11 11 Best first implementation (define (best startState goalState) (define (best-paths paths) (cond ((null? paths) #f) ((equal? (caar paths) goalState) (car paths)) (else (best-paths (sort (append (cdr paths) (extend-all (car paths) (GET-MOVES (caar paths)))) better-path))))) (define (extend-all path nextStates) (cond ((null? nextStates) '()) ((member (car nextStates) path) (extend-all path (cdr nextStates))) (else (cons (cons (car nextStates) path) (extend-all path (cdr nextStates)))))) (define (better-path path1 path2) (> (HEURISTIC (car path1) goalState) (HEURISTIC (car path2) goalState))) (best-paths (list (list startState)))) only difference from BFS implementation:  newly extended path list is sorted by heuristic value of end states (high-to-low)  since new paths are added at end & sort is stable, ties will favor older/shorter paths

12 12 Travel example > (best 'Omaha 'LosAngeles) (losangeles denver omaha) > (best 'LosAngeles 'Omaha) (omaha denver losangeles ) given these flights, actually finds optimal paths note: best first search does not guarantee an "optimal" solution  does not take the past into account, simply tries move that gets closest  would select LA  KC  Omaha  DesMoines even if LA  Chicago  DesMoines were possible ;;; REMOVED Denver to L.A. FLIGHT > (best 'Omaha 'LosAngeles) (losangeles chicago omaha) WHY? ;;; ADDED Omaha  KC, KC  LA FLIGHTS ;;; ASSUME Omaha is 200 mi from KC, KC is 1900 mi from LA > (best 'Omaha 'LosAngeles) (losangeles denver omaha) > (best 'LosAngeles 'Omaha) (losangeles kansascity omaha) still different answers WHY?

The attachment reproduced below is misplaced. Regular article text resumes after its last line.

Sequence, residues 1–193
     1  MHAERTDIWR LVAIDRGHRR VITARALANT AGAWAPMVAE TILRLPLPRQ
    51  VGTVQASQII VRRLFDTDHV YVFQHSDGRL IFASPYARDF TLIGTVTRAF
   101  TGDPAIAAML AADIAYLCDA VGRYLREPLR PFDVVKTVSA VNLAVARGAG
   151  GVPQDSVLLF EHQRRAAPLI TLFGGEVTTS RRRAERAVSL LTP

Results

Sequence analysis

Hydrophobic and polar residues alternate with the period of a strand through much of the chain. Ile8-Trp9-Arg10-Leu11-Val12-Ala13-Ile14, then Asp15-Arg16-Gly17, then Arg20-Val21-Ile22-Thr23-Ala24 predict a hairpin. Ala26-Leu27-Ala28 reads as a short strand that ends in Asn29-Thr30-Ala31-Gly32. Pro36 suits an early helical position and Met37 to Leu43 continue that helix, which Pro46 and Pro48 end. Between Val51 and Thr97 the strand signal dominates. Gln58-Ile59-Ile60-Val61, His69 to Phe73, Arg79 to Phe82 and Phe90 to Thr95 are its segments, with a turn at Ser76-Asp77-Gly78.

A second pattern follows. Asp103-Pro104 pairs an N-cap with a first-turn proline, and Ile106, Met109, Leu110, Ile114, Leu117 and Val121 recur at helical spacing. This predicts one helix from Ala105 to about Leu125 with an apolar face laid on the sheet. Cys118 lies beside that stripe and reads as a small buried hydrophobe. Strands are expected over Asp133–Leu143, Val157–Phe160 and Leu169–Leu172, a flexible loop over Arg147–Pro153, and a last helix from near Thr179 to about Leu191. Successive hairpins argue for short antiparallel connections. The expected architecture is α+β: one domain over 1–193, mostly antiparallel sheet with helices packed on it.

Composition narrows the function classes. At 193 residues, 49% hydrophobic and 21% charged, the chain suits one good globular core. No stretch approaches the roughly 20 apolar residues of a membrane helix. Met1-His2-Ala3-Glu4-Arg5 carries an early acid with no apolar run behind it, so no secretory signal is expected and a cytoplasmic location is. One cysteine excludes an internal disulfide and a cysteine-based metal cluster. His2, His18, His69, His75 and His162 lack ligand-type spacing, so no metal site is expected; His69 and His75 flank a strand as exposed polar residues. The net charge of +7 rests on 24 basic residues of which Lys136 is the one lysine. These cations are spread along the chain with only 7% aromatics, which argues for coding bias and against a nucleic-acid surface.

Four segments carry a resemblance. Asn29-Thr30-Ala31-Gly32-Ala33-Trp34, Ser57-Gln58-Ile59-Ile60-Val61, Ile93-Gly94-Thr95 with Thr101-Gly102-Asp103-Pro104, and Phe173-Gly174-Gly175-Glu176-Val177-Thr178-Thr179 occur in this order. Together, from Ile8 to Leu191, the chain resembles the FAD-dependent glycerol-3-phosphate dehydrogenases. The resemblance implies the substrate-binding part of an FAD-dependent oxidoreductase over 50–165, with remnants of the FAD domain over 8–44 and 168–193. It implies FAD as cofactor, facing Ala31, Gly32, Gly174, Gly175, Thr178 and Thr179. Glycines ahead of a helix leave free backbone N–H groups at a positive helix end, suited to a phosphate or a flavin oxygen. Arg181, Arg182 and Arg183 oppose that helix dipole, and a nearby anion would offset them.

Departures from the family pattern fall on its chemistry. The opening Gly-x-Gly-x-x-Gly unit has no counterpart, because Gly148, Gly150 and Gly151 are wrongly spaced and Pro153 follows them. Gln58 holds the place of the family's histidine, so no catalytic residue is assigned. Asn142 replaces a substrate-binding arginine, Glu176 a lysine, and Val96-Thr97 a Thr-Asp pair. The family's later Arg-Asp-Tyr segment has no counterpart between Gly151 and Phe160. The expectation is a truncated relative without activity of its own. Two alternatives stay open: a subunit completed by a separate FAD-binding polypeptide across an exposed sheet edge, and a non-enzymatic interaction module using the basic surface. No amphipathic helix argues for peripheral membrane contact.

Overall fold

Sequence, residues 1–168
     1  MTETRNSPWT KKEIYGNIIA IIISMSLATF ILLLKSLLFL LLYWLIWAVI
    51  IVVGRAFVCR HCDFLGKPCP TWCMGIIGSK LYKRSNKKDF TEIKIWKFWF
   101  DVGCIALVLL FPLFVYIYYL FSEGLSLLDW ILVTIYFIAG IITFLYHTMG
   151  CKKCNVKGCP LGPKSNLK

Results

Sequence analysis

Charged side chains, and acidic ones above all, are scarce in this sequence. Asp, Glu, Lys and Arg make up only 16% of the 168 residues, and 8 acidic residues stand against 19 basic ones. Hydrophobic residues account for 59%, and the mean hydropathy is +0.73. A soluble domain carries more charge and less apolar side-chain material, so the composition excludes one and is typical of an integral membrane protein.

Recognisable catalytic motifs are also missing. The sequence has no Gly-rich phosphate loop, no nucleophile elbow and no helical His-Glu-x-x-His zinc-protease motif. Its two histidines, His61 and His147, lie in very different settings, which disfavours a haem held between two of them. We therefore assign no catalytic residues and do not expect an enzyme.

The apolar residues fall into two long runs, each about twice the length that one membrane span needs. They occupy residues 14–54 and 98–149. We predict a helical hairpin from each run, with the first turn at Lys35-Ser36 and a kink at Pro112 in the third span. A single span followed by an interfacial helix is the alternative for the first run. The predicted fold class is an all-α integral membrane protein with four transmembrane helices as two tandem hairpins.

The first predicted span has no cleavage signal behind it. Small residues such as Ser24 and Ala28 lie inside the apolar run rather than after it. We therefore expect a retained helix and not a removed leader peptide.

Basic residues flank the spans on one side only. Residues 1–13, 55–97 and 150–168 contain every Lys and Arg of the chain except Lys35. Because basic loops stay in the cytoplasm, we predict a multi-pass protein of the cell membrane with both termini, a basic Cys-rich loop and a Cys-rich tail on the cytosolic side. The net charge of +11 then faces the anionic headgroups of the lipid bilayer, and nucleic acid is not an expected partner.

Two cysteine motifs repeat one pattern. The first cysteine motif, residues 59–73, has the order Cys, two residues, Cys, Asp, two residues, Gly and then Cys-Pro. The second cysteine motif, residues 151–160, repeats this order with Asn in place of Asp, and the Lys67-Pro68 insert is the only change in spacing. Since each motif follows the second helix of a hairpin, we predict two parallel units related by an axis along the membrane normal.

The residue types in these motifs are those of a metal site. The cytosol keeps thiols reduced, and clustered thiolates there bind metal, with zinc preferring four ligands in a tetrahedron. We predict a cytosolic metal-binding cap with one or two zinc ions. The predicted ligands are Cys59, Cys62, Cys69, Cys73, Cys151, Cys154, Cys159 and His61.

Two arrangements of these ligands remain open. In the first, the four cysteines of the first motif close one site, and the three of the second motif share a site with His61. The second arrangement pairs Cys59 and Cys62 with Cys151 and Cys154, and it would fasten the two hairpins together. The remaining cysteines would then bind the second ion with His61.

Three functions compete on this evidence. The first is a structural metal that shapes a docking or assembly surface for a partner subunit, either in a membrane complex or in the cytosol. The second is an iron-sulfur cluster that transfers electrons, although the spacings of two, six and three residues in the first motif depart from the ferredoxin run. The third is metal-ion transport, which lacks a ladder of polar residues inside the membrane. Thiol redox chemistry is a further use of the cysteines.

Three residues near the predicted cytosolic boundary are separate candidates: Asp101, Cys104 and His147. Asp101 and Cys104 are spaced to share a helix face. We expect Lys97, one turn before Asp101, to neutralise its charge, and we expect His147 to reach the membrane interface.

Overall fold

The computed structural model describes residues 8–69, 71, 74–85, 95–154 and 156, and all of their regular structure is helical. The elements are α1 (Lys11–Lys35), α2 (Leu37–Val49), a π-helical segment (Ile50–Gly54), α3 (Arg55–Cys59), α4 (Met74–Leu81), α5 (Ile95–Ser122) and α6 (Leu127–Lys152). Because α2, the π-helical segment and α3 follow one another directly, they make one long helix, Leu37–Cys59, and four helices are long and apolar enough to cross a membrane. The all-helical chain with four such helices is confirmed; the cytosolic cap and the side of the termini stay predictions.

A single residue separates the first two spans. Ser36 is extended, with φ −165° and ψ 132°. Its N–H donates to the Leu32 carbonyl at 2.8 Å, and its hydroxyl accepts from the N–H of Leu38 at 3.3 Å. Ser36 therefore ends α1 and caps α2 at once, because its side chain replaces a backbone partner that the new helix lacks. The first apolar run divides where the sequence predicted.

13 13 8-puzzle example (define (HEURISTIC state goalState) (cond ((null? state) 0) ((equal? (car state) (car goalState)) (+ 1 (HEURISTIC (cdr state) (cdr goalState)))) (else (HEURISTIC (cdr state) (cdr goalState))))) heuristic counts number of tile matches with goal > (best '( space 7 5 4) '( space )) (( space ) ( space 5) ( space) ( space 7 5 4)) > (best '( space ) '( space )) (( space ) ( space 5) ( space) ( space 7 5 4) ( space ) (1 2 3 space ) (space ) (2 space ) ( space )) DFS-nocycles required > 400 moves BFS found same soln, but 6 times slower DFS-nocycles hangs BFS found same soln, but > 200 times slower

14 14 Comparing best first search unlike hill-climbing, best first search can handle "dips" in the search  not so dependent on a perfect heuristic depth first search and breadth first search may be seen as special cases of best first search DFS: heuristic value is distance (number of moves) from start state BFS: heuristic value is inverse of distance (number of moves) from start state or, procedurally: DFS: assign all states the same heuristic value when adding new paths, add equal heuristic values at the front BFS: assign all states the same heuristic value when adding new paths, add equal heuristic values at the end